The movement to create a West African economic community cutting across former colonial links and linguistic frontiers, took another step forward on Monday (27 January) when ministers from the fifteen countries involved met in the Liberian capital, Monrovia, to discuss the formation of a character.
GV Flags flying at Monrovia city hall (3 shots)
SV President Tolbert arrives for opening of conference
SV INTERIOR Delegates seated (2 shots)
SCU Tolbert speaking (2 shots)
SV Liberian Government officials (2 shots)
SCU Nigerian and Togolese delegations (2 shots)
GV Delegates listening (2 shots)
SV Tolbert continues speech (3 shots)
SV Delegates listening (3 shots)
Initials CL/1800 CL/1810
Script is copyright Reuters Limited. All rights reserved
Background: The movement to create a West African economic community cutting across former colonial links and linguistic frontiers, took another step forward on Monday (27 January) when ministers from the fifteen countries involved met in the Liberian capital, Monrovia, to discuss the formation of a character. The convention was opened by Liberian President William Tolbert.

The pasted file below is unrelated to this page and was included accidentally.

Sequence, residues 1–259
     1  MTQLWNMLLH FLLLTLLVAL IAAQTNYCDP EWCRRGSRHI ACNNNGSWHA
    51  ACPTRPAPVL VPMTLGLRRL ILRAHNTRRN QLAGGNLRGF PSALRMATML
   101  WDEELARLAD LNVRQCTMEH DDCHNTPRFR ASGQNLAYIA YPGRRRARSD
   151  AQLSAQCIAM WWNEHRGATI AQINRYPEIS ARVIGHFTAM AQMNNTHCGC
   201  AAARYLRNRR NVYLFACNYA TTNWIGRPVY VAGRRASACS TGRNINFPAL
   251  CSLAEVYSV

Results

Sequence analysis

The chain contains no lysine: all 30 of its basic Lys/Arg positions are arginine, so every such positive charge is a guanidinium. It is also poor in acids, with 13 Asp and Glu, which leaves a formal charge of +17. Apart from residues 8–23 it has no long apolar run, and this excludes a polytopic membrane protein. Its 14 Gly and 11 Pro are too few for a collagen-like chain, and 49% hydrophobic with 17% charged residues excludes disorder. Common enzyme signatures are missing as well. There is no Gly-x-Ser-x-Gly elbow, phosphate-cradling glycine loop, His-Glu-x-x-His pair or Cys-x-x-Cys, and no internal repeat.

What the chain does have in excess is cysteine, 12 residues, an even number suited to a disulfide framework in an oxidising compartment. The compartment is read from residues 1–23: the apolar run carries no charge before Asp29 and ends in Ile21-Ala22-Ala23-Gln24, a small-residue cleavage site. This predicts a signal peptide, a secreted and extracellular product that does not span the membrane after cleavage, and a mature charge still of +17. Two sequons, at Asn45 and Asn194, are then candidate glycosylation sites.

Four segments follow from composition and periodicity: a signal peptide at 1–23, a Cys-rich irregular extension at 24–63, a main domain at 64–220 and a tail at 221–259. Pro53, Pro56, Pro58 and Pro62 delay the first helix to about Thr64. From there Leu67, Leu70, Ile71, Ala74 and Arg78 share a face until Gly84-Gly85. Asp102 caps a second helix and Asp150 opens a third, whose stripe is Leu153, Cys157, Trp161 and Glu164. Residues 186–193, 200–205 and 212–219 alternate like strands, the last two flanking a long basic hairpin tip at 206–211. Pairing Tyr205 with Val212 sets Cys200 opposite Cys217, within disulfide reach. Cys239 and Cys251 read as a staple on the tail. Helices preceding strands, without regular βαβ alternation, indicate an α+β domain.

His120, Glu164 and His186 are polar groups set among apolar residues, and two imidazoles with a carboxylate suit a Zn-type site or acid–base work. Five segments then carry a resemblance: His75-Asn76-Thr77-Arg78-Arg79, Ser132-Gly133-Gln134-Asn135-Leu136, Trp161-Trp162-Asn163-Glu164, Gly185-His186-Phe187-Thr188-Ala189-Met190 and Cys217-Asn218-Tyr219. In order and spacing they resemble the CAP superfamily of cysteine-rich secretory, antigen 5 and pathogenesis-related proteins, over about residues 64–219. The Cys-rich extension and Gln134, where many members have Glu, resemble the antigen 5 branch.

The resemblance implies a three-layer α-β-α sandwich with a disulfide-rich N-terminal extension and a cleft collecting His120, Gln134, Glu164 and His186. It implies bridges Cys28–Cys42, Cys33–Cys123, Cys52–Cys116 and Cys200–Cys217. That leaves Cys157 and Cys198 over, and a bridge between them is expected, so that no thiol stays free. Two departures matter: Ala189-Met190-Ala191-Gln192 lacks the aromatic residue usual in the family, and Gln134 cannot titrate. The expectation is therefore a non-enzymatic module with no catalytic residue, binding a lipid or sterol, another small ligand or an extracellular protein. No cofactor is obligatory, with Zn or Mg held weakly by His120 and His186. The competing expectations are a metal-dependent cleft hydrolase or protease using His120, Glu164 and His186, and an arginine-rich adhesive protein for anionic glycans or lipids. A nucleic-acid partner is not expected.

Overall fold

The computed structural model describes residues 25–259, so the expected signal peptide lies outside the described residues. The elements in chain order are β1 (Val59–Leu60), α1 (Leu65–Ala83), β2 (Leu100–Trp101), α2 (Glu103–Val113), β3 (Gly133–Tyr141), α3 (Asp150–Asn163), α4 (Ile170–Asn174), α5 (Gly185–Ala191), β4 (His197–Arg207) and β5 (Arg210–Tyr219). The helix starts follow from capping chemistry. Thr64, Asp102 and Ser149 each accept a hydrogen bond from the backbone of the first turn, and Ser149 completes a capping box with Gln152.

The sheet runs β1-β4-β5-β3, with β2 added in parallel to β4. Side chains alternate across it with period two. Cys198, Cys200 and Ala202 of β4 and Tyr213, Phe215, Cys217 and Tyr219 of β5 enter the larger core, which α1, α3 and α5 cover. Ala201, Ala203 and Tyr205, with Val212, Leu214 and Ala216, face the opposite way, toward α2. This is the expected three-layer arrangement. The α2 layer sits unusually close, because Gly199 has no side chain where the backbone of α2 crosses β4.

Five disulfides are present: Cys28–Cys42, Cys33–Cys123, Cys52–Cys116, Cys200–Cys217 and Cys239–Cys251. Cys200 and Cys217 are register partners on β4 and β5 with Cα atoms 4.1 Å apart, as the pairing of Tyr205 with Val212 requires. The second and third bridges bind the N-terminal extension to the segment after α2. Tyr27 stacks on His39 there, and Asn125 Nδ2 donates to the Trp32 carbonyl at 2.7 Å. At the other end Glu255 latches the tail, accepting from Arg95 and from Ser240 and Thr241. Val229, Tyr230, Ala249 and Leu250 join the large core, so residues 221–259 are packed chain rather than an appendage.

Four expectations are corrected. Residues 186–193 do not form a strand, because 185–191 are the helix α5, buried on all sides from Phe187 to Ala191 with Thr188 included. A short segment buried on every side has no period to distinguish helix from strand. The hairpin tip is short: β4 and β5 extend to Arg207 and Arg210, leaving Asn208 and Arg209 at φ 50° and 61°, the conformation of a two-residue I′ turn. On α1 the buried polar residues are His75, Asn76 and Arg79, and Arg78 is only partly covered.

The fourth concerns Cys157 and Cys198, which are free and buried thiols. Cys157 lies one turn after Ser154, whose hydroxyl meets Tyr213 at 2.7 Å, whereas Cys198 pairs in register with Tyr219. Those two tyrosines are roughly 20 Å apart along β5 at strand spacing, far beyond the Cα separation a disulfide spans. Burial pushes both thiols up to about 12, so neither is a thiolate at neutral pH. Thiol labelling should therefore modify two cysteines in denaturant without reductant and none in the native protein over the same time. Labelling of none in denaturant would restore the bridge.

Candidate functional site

Addressing delegates to the four-day session, President Tolbert stressed that the West African economic community structure should be based on pragmatism and realism. He urged that artificial political boundaries, dating from colonial times, should not be allowed to polarise African economies.
The object of the ministerial conference in Monrovia is to produce a working document upon which to base the new economic grouping. This will be followed by a meeting of heads-of-state in Nigeria later in the year, to endorse the treaty establishing the West African economic community.
One of the great stumbling blocks to the finalisation of plans for the community has been traditional ties between French-speaking African countries. States including Mali, Upper Volta, Senegal and Ivory Coast have preferred trade and economic agreements within the "franc zone". In 1973, these countries, along with niger and Mauritania, launched the Communaute Economique de I'Afrique de l'Ouest (CEAO). But since then, the leaders of Nigeria and Togo have impressed upon the CEAO members the greater advantages of an economic community embracing all states in West Africa.
The formation of the West African economic community will turn the region into a vast free-trade area, where industry can be encouraged by the opening of a multi-national market.